Apple has released brand new MacBook Air models, improving the processor, RAM and storage options, knocking £100/$100 off the starting price, and replacing the problematic butterfly keyboard with a new Magic Keyboard.

We have been looking forward to Apple launching the 2020 version of the MacBook Air. The 2019 update to the MacBook Air in 2019 was a disappointment as the only change that came with that update was a slight improvement to the screen (the addition of True Tone) and a price drop from £1,199 model to £1,099.

The price drop for the 2020 model is a nice surprise. The MacBook Air now starts at £999/$999. It's the cheapest new MacBook Air for a long time - although not the cheapest ever. As recently as 2015 the entry-level 13in model cost £849 and the price has been even lower than that - before the 11in MacBook Air was axed in October 2016, you could get one for £749.

There are two MacBook Air models and only the entry-level Air has had its price reduced. However, there is a bigger gap between the two Mac laptops following this update, that will go some way to justify the £300 price difference.

We have a review of the 2020 MacBook Air here. Note that Apple updated the MacBook Air a second time in 2020: We also have a full review of the M1 MacBook Air.

What is the difference between the 2020 MacBook Air

MacBook Air

In 2019 the only difference between the two different MacBook Air models was the amount of storage. The extra storage was the only reason to choose the £200/$200 more expensive model.

The price difference has widened in 2020, but the gap between the two models has also grown. Here's how the two MacBook Air models for 2020 compare:

2020 MacBook Air, 256GB, £999/$999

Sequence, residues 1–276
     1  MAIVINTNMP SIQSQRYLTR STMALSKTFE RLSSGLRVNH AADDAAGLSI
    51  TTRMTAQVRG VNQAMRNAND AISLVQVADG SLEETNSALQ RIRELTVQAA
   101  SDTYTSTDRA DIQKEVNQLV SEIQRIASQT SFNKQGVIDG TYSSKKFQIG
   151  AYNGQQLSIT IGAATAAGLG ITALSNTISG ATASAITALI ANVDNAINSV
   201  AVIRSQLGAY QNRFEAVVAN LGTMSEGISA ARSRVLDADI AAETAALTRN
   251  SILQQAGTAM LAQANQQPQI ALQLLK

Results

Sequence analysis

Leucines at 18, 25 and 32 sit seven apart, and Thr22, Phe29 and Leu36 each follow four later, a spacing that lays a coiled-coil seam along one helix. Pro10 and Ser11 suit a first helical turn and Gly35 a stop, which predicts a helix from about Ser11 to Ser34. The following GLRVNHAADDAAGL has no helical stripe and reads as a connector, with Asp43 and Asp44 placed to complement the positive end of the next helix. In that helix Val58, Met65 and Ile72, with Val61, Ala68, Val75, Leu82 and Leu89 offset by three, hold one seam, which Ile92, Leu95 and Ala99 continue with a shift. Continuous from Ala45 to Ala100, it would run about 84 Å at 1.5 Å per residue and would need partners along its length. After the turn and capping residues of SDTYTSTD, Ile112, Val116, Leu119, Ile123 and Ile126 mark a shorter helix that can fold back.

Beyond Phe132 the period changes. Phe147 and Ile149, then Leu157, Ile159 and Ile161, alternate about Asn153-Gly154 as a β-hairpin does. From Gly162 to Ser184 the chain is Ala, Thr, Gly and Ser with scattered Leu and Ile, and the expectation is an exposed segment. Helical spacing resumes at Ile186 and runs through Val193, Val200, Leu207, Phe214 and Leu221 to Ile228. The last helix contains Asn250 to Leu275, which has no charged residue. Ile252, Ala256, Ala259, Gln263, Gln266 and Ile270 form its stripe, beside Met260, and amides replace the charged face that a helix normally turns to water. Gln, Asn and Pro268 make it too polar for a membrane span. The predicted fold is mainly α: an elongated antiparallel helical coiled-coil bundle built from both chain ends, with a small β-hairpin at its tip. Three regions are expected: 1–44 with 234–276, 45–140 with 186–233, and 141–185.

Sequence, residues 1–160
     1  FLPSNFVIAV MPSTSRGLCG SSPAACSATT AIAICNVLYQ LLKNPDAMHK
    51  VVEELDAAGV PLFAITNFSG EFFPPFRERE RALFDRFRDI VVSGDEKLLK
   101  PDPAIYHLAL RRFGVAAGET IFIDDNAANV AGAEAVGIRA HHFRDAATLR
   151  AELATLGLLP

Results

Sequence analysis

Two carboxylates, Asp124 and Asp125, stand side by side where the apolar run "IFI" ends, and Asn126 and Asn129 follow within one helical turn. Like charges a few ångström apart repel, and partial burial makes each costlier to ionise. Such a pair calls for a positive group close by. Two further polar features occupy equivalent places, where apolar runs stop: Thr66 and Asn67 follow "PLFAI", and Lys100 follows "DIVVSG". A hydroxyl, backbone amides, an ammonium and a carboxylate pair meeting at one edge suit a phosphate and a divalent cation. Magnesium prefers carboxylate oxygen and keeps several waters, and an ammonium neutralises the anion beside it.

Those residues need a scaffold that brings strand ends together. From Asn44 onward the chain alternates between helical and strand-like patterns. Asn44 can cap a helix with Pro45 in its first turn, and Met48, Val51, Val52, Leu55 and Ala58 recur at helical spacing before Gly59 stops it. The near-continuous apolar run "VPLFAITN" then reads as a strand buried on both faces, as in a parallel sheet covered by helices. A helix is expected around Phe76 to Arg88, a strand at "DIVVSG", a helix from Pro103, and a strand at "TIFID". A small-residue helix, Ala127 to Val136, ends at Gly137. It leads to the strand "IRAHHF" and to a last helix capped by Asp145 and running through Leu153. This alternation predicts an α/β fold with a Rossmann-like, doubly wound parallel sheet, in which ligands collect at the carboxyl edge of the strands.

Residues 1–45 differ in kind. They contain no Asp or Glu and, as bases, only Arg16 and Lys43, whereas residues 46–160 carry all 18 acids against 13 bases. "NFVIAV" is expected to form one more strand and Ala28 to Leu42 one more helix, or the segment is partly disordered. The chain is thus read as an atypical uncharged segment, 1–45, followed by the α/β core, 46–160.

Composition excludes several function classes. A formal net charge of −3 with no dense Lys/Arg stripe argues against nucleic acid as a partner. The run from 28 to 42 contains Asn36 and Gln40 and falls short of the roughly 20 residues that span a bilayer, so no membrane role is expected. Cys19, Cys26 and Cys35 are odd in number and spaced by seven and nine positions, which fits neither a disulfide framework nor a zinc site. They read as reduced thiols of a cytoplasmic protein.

• 1.1GHz Dual-core i3 10th gen processor
  • Turbo Boost up to 3.2GHz
  • 256GB Storage
  • Touch ID
  • 8GB 3733MHz LPDDR4X memory
  • Intel Iris Plus Graphics
  • Two Thunderbolt 3 ports

2020 MacBook Air, 512GB,£1,299/$1,299 

  • 1.1GHz Quad-core i5 10th gen processor
  • Turbo Boost up to 3.5GHz
  • 512GB Storage
  • Touch ID
  • 8GB 3733MHz LPDDR4X memory
  • Intel Iris Plus Graphics
  • Two Thunderbolt 3 ports

As you can see from the above specs, the big difference is that the entry level model has a Dual-core i3 processor, while the more expensive model has a Quad-core i5 processor.

You might see that both Macs have a 1.1GHz and think that means the processor is the same but there's a big difference. The quad-core model essentially offers four 1.1GHz i5 processors, rather than two. But don't assume you need four processors. You may find the Dual-core processor perfectly adequate for your needs.

The additional storage in the £1,299/$1,299 model will also be attractive for many.

You can buy the MacBook Air from Apple here or check out our round up of the best MacBook Air deals if you want to get a bargain.

2020 MacBook Air: Specs

As outlined above, there are various differences between the two MacBook Air models for 2020. But the two models share a lot of the same specs.  The big question is how these specs compare to the 2019 MacBook Air.

The 2020 models gain 10th generation processors with the Quad-core option for the £1,299/$1,299 Air, better RAM, double the storage, and better graphics.

In fact, Apple claims to offer the following improvements compared to the previous generation:

  • 80 percent faster graphics performance.
  • Two times faster CPU performance.
  • Clearer voice capture for FaceTime calls.
  • Support for up to a 6K external display for the first time.

In 2019 the MacBook Air offered the following specs:

2019 MacBook Air, 128GB, £1,099/$1,099

  • 1.6GHz Dual-Core i5 8th gen processor
  • Turbo Boost up to 3.6GHz
  • 128GB storage
  • Touch ID
  • 8GB 2133MHz LPDDR3 memory
  • Intel UHD Graphics 617
  • Two Thunderbolt 3 ports

2019 MacBook Air, 256GB, £1,299/$1,299

  • 1.6GHz Dual-Core i5 8th gen processor